School Nutrition Association ANC 2015 Recap

I recently had the opportunity to attend the School Nutrition Association’s Annual National Conference in Salt Lake City. Prior to attending this conference, school lunch is not something that I really knew a lot about.

SNA annual conference

Due to Logan’s peanut allergy and history of picky eating, he has always felt more comfortable bringing lunch from home. And because I packed lunch for him it was just easier to do the same for Madeline. Madeline, however, loves to eat school lunch. It isn’t something that she does often, but because she likes it so much it was great to learn more about what goes into the nutrition in the school lunches.

During the conference I attended educational sessions about Cafeteria Reinvention – how small changes can make a big difference – based on the incredible research at Cornell University’s Center for Behavioral Economics in Child Nutrition Programs, Food Allergies: a Review of State and Federal Level Support, and Experimental Nutrition Education: Promoting Healthy Habits.

A couple tidbits of information from the education sessions:

  • Kids are more likely to eat fruits or vegetables at lunch when they are offered a choice, such as “Would you like an apple or an orange?”
  • Labeling a school as “peanut-free” actually leads to more accidental exposures because a false sense of security is created. It is better for schools to have a “peanut aware” attitude and have guidelines in place for how to deal with allergies.
  • Getting kids involved in educational activities like school gardens, farm tours, and taste testing new recipes has a positive impact on their food choices.

I also had the opportunity to spend some time with Jeremy West, Director of Nutrition Services for Weld County School District 6 while touring the massive exhibit floor. I had no idea what to expect on the exhibit floor.

SNA conference Exhibit Hall

Honestly, I saw everything. From nutrition directors searching for the perfect vendor for their chicken tenders or French fries, technology like Nutritslice (an app that Weld Country D6 uses) to assist schools and parents with their school menus and nutrition, commercial kitchen appliances to make food prep simpler and faster, to vendors offering produce options for schools geared towards “from scratch” kitchens. I even spotted a few vendors geared towards offering peanut-free snack options for school cafeterias.

Jeremy is one of the founding members of the Colorado Farm to School Taskforce and currently serves as Vice President of the Colorado School Nutrition Association. While he doesn’t serve as the director of nutrition for my children’s school district, it was great to speak with someone in Colorado and to hear their perspective on school lunches.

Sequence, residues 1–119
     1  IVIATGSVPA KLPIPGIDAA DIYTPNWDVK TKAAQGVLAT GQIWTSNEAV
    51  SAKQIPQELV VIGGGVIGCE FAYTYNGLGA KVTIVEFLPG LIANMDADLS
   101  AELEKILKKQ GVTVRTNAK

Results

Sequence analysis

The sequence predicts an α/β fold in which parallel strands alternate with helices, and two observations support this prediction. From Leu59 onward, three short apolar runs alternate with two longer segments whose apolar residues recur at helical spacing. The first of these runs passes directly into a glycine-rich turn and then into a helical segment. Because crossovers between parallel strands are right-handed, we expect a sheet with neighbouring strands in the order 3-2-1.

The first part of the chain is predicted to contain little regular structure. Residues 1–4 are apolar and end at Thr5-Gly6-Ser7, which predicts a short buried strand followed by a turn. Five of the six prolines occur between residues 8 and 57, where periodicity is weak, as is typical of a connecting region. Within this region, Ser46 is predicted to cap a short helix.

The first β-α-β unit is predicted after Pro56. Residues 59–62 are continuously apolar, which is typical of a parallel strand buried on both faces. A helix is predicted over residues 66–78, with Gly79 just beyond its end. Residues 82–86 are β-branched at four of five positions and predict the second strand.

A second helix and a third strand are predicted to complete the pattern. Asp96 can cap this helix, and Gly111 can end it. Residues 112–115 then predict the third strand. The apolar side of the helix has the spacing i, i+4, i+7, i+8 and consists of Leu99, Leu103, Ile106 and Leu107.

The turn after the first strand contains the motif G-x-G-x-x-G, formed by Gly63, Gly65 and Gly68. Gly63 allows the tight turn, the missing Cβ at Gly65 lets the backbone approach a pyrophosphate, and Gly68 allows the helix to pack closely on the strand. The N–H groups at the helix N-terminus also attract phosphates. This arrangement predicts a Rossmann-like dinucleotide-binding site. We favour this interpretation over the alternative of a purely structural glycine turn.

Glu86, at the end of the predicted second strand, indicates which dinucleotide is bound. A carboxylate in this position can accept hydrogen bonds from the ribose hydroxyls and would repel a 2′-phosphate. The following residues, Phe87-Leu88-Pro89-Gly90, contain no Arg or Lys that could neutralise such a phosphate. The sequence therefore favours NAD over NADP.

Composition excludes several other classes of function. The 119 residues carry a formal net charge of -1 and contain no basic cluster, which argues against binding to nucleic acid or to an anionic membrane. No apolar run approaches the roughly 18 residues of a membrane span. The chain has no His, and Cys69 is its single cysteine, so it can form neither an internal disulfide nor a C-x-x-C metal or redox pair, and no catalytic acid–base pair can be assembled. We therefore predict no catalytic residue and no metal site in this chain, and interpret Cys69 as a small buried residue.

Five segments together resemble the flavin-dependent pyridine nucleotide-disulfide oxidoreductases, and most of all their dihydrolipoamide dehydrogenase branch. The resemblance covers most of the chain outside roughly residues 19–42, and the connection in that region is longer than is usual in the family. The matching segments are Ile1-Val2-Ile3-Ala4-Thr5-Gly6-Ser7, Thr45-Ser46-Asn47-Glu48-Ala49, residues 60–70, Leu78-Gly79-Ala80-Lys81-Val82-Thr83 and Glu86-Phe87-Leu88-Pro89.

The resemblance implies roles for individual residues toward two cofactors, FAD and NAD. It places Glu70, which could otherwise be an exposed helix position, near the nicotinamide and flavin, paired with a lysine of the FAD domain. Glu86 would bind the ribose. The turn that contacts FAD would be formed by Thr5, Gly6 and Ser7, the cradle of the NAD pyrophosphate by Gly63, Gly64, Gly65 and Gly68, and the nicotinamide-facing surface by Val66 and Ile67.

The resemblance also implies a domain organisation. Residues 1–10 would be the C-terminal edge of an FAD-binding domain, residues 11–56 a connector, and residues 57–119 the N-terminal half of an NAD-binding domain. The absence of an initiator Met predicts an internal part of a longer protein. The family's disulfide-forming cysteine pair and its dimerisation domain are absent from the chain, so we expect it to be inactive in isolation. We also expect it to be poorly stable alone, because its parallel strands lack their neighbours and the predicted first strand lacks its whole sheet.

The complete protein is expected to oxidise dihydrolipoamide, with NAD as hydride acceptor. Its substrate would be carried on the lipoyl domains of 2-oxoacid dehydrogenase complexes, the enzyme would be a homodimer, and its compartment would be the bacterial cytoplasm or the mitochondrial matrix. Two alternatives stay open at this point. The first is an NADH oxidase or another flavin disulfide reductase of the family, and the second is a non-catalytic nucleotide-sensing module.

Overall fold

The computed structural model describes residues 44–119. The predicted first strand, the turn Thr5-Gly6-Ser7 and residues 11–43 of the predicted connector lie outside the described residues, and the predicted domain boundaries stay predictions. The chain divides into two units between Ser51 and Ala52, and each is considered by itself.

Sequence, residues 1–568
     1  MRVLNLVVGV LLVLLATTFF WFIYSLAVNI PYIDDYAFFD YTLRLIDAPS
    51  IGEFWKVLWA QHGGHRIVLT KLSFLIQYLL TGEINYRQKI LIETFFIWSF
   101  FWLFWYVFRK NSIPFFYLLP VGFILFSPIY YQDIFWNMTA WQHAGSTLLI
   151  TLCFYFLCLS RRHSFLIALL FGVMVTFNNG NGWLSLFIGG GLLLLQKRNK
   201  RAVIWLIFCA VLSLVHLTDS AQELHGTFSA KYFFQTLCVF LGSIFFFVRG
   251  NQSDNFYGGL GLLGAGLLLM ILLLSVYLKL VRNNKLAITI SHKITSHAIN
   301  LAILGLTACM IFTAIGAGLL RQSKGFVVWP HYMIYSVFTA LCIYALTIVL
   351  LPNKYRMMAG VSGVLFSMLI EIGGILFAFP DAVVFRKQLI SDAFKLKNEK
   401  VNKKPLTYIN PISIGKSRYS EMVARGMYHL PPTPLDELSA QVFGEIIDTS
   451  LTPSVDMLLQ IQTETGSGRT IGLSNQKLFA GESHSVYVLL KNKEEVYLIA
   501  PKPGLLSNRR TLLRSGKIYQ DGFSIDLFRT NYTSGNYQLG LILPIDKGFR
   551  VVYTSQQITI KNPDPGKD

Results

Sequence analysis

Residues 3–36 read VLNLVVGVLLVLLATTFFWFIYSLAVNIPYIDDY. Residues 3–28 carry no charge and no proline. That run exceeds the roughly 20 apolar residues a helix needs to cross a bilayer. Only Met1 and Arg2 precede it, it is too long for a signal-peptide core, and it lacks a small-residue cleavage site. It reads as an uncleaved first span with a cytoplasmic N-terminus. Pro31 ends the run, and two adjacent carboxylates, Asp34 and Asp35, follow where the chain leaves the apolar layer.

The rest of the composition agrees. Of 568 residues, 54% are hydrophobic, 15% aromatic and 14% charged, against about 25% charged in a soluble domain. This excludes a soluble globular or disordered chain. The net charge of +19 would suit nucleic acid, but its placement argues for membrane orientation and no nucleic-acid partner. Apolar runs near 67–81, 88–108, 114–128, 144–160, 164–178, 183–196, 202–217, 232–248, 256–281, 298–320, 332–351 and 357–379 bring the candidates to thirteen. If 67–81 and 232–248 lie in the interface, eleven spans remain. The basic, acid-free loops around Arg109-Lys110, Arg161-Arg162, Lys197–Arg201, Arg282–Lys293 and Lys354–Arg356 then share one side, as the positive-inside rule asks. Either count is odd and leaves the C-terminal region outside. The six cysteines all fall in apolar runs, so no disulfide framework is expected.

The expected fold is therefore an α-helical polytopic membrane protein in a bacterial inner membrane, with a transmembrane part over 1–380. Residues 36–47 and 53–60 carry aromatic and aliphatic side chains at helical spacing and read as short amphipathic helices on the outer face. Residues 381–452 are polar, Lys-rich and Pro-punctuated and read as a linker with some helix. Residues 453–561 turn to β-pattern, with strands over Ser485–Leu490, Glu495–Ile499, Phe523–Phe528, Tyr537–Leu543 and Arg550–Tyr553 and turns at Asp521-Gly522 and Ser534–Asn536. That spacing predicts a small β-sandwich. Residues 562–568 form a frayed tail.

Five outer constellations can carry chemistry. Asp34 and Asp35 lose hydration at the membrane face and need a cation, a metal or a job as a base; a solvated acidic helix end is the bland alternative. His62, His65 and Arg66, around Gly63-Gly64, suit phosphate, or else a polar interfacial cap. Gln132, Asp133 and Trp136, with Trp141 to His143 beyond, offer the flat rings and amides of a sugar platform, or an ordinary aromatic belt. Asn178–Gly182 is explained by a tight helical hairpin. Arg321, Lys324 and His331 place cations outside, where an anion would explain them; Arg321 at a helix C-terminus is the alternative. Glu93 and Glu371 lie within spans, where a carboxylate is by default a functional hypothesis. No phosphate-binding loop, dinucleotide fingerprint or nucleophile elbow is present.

Jeremy shared how Greeley has worked really hard to transform their school lunches from mostly processed foods to currently a mostly “from scratch” kitchen – something I was thrilled to hear. Weld County D6 makes their own spaghetti sauce and adds extra vegetables to it. While they do order pizza dough for crust, the rest of their pizza is made “from scratch.” They even tried to make their own Butternut Squash Mac n Cheese which he said didn’t go so well, but they found some work arounds for a mostly “from scratch” version that fit nutritional requirements and tasted great.

It is also a huge goal of Weld Country D6 to put more local foods in their cafeteria, something they have been working hard to implement, though it isn’t a task that is without challenges.

This innovative approach to school lunches, providing fresh produce with meals cooked “from scratch,” is offered to the 20,000 students in D6 schools. The quality of these menus has even caught the attention of news sources such as the New York Times and ABC’s Nightline.

It was fantastic to learn about great things happening with school lunches in Colorado schools. If you’d like to get more involved in learning what goes on behind the scenes of the school lunch program, have questions about your child’s school lunch, or would like to help your school get involved in initiatives like school gardens or utilizing more local produce, I would encourage you to learn who the director is for your school district.

Tray Talk

Parents can learn more by visiting Tray Talk, a community created by the School Nutrition Association with parents in mind. Tray Talk is a great resource for parents who want to learn more about school meals, participate in discussions and connect with success stories in the school meal programs across the country. Visit Tray Talk on Facebook and Pinterest.

 

This post is sponsored by School Nutrition Association.  All opinions are my own.